In an effort to detect, deter and combat immigration benefit fraud and strengthen efforts in ensuring benefits are not granted to those who threaten national security or public safety, the United States Citizenship and Immigration Services’ (USCIS) Office of Fraud Detection and National Security (FDNS) have commenced an assessment of the H-1B nonimmigrant visa program. As part of the assessment program, FDNS officers collect information during site visits to verify information pertaining to petitions that are pending and already approved.
The FDNS consists of approximately 650 individuals, including Immigration Officers, Intelligence Research Specialists, and Analysts located in field offices throughout the United States. FDNS has also contracted with multiple private investigation firms to conduct site visits on behalf of FDNS.
These visits by FDNS officers are unannounced and may take place at the employer’s principal place of business and/or the H-1B non-immigrant’s work location (end client site). FDNS Officers do not need a subpoena for the site visit because the regulations governing the filing of immigration petitions allow the government to take testimony and conduct broad investigations relating to the petitions. However, USCIS will provide an opportunity for an Employer to address any adverse or derogatory information that may result from these types of site visits. An employer may request that counsel be present; however FDNS will not reschedule the visit just for counsel, therefore, if requested, counsel can be present via telephone for the site visit.
During a site visit, the FDNS Officer will ask questions to verify information contained in a specific immigration petition. They will have a copy of the petition, ask to speak with the employer’s representative (the one who signs immigration forms), and will ask questions regarding the employer’s business, locations, number of employees, and the number of H-1B petitions previously filed. They may also request to review company’s tax returns, quarterly wage reports, among other documents to verify that the Employer is a bona fide business entity. Additionally, the Officer may ask questions regarding the H-1B non-immigrant’s title, job duties, work location and salary; and may ask to review the non-immigrant’s most recent pay stub and Form W-2. FDNS Officers may also inquire about the Employer’s Immigration Counsel.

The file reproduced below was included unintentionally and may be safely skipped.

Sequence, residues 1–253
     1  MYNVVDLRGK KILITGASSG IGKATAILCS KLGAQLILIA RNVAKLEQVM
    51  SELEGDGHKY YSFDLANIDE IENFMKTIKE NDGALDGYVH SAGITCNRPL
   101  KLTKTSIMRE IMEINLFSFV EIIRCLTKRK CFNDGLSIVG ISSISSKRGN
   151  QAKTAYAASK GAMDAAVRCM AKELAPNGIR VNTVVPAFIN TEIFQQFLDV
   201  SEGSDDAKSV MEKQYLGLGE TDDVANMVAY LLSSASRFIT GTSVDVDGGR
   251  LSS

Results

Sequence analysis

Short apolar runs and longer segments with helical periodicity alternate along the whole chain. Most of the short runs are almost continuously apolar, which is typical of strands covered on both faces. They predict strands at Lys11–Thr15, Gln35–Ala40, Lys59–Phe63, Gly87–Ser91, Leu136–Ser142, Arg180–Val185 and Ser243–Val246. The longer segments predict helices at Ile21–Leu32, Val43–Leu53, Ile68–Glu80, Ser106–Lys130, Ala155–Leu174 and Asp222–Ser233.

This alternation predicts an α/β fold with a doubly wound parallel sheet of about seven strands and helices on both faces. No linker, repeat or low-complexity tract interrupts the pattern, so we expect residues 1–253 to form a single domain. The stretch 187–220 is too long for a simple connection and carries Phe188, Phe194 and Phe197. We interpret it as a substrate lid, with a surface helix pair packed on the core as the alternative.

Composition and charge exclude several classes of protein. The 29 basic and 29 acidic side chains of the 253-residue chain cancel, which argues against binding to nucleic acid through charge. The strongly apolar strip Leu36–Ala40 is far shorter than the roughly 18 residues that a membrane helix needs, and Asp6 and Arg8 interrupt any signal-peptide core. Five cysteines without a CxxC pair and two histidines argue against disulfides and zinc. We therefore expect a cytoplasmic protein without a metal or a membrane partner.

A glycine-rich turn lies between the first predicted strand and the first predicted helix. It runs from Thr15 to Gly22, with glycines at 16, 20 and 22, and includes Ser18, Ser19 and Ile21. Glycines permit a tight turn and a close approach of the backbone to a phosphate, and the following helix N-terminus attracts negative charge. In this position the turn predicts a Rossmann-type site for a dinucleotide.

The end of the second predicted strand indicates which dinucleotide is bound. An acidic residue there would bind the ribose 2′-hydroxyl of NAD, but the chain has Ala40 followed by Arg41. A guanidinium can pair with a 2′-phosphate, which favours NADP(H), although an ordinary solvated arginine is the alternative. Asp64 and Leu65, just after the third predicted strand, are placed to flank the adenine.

After interviewing the employer’s representative, the FDNS Officer may request a tour of the facility, take photographs, and may even request to interview the H-1B beneficiary. The Officer will then ask the beneficiary similar questions to the ones asked of the Employer’s representative: the beneficiary’s job title, job duties, responsibilities, employment dates, position location, requirements for the position, academic background, previous employment experience, current address, and information about family members (husband/wife and/or children). Additionally, the Officer may ask a colleague of the beneficiary similar questions about the beneficiary.